Pediatric Safety & Avoiding Overuse Issues

When choosing baby gear such as car seats, strollers and baby carriers, it’s natural to focus on the safety of your child. But did you know that some problems can occur for you or your child if these items are overused or used incorrectly? Just one example: An aching back after carrying an infant around – it doesn’t take long for this to occur.

How do I choose a car seat?

When selecting a car seat, make sure you choose one that fits your child and follow directions to avoid injury. You can purchase separate seats for different stages of development or a convertible seat that adjusts for your child as he or she grows. The National Highway Traffic Safety Administration says the right car seat is the one that fits your car as well as your child… and is used every time. There is extensive information on how to choose one that’s best.

Infant car seats are designed to be rear-facing, only for newborns and small babies.

Convertible seats can be rear-facing for a younger baby and front-facing for an older child.

All-in-one seats can change from rear-facing to forward-facing and can convert to a booster seat as well.

Booster seats are designed to make the seat belt fit properly. Some are backless, while others have a high back that provides head and neck support — ideal for vehicles that do not have head rests.

Combination seats are designed to change from a forward-facing seat to a booster seat.

How can parents prevent back pain?

Unless you plan to stay home, strollers and baby carriers can help. Make sure the stroller you choose is easy enough to use so as not to cause back strain. 

The American Physical Therapy Association notes that you can experience back pain from incorrectlylifting and carrying an infant carrier. Even the weight of a small newborn can feel like a load of bricks before long. Use proper lifting techniques if you have a car seat that doubles as an infant carrier. Better yet, carry your baby close to your body. Throughout history, mothers have comfortably carried their babies in cloth slings or wraps, allowing them to keep their little ones close while doing chores or walking long distances. Today, slings and wraps aren’t limited to mothers; many fathers enjoy wearing them, too. Check here for more tips on avoiding back pain while lifting or caring for your child.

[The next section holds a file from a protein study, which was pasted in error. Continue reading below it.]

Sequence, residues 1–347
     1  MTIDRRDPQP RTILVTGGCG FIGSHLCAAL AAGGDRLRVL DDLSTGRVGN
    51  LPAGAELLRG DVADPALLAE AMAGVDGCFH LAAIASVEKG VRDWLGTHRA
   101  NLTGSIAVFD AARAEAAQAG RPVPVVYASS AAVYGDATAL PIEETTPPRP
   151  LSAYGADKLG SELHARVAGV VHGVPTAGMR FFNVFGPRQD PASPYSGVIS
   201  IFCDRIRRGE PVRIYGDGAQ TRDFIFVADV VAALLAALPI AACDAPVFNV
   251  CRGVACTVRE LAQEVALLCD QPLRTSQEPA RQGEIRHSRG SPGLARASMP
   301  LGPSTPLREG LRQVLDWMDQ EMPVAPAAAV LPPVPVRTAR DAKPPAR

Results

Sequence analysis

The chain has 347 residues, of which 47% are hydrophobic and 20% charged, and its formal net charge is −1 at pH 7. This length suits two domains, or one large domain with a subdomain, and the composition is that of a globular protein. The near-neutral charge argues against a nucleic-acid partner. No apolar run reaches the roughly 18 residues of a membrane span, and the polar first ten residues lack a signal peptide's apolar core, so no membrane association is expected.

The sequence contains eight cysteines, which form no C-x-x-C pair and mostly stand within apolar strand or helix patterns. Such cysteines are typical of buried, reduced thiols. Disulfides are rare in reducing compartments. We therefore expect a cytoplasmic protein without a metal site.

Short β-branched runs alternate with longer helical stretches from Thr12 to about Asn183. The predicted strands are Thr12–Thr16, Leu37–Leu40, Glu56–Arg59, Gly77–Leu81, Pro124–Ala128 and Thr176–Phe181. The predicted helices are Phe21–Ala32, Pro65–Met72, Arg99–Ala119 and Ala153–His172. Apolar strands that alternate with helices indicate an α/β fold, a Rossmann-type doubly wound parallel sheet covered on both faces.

How can parents prevent “Container Baby Syndrome”?

With the best of intentions, many parents keep their infants in a “container,” such as a car seat, swing, bounce seat or plastic infant carrier, for many hours per day. While the intention is to keep the baby safe, too much time in the same position can cause what is known as “Container Baby Syndrome,” or CBS.

CBS can lead to a flattened back of the head, facial deformities, movement and behavior difficulties, delayed muscle development and other problems. But it is totally preventable. Of course, when you’re traveling in a vehicle, your baby must be in a car seat, but to prevent CBS, make sure you don’t leave your baby in any “container” for excessive periods. Hold your baby upright in your arms, or wear your infant in a sling. Give your baby supervised “tummy time” every day when he or she is awake. This tummy time helps babies develop their arm and neck muscles so they can lift their heads, roll over and develop normally. If using bottles, always hold the baby during feedings rather than giving a bottle to the baby while he or she is resting in a container.

How is CBS treated?

The best course of action is to prevent CBS, but if it has already developed, a physical therapist can help reverse it by evaluating your baby and developing a treatment plan to increase your baby’s strength and range of motion. Sometimes, therapists will recommend a reshaping helmet.

Contact us to see how we can help today! Although no physician referral is needed to see a physical therapist, some insurance companies may require a referral for coverage.